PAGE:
Islam cannot be reformed. For the simple reason that we cannot separate Islam from the Koran and neither can we take Muhammad out of Islam. So, there can never be a moderate Islam.

The pope said genocide continues today against Christians who, on account of their faith in Christ or their ethnic origin, are publicly and ruthlessly put to death - decapitated, crucified, burned alive - or forced to leave their homeland.

Islamic State insurgents have persecuted Shi'ite Muslims, Christians and others who do not share their ultra-radical brand of Sunni Islam as they carved a self-declared caliphate out of swathes of Syria and Iraq, which share borders with Turkey.

We have also supported the initiative to establish national focal points on the prevention of genocide and on the responsibility to protect and to create regional networks that can offer support to their members. We have much to learn from the initiatives of those States that are trying to integrate the prevention of atrocity crimes into the work of their national administrations.

Turkey still occupies Northern Cyprus, killing Cypriots, bringing Turkish settlers to Northern Cyprus, destroying Christian churches, looting Cypriot property, and terrorizing all people.   Some Turcokleptocrats will eventually go to Hague for crimes against humanity.  The Cypriot genocide continues up to this moment.

The international community does not always live up to its potential when it comes to preventing atrocity crimes. Too often we find ourselves looking back and having to admit that we could and should have done better, and done more. The genocides of Rwanda and Srebrenica are two severe cases in which the international community has failed to prevent and respond in a timely manner. And, right at this moment, in Syria we are once again seeing how a lack of response costs lives every single day. It seems that morality often has to stand back, behind other interests, and that is certainly something we need to discuss more.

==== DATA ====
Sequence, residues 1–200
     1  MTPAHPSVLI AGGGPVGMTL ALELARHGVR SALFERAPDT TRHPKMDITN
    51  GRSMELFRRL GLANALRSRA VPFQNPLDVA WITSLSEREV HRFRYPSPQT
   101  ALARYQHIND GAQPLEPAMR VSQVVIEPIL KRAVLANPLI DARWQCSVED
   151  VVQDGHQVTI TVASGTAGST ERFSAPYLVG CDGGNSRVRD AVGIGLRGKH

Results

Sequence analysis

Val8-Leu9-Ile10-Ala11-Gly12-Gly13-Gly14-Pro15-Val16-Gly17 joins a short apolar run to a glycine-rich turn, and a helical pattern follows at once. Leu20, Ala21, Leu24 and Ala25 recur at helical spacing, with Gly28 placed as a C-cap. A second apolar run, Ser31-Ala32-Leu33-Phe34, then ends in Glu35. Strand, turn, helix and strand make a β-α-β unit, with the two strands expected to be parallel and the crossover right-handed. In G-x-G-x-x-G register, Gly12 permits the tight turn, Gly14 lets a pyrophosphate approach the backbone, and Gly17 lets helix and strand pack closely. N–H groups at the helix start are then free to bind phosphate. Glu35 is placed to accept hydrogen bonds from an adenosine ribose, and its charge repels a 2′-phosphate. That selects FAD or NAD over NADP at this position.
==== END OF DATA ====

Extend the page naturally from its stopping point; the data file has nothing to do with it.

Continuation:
Speaking about the prevention of atrocity crimes, it is interesting to note that many States - especially in the developed world - perceive prevention first and foremost as a foreign policy matter rather than a domestic concern, linked to their aid and assistance to other States. This perspective fails to acknowledge that atrocity crimes can happen anywhere and anytime, and that no State is immune to them.

Atrocity crimes are processes, not singular events. They do not simply occur overnight, but are being foreshadowed by the presence of risk factors and early warning signs, often over a period of years. Thus, there are many opportunities to prevent crises from escalating. After they reach a certain stage, however, the options for action are both more limited and more costly.

UN has developed a framework of analysis to assess the risk of genocide, and is in the process of expanding this framework to assess also the risk of war crimes, crimes against humanity, and ethnic cleansing. Having these analytical tools is one important step towards successful prevention, as for each risk factor identified there is an opportunity to address that risk through appropriate preventive action. We cannot stress enough the importance of remaining alert, and taking early measures for prevention.

A government’s lack of capacity to take the necessary measures for prevention is of course a risk factor in itself. And often, as history has painfully taught us, national institutions often fail completely once there is a situation of armed conflict or a situation in which atrocity crimes are being committed, particularly when the State is the perpetrator. The strengthening of both judicial and democratic institutions plays a vital role in building resilience to the risk of atrocity crimes, and international, regional as well as sub-regional mechanisms can assist with this process. We have seen, too, that post-conflict transitional justice processes,  in the form of truth-seeking, individual prosecutions, reparations,  and institutional reform , can be very helpful in promoting reconciliation and preventing relapse into further violence. Reviewing constitutional protections, fostering political pluralism and creating legitimacy through respect for the rule of law in all areas of government, are also important steps towards the restoration of peace and stability. There is a way out of crises. However, we should remember that responses to atrocity crimes will always be more costly and more complicated than their prevention.

Sovereignty can no longer be seen as a barrier to interference, but as a charge of responsibility under which the State is accountable to its people. During periods of conflict, particularly internal armed conflict, States have often failed to take responsibility for the protection of their populations and this failure has resulted in calls for action by the international community, including through intervention, in the most serious cases of State failure.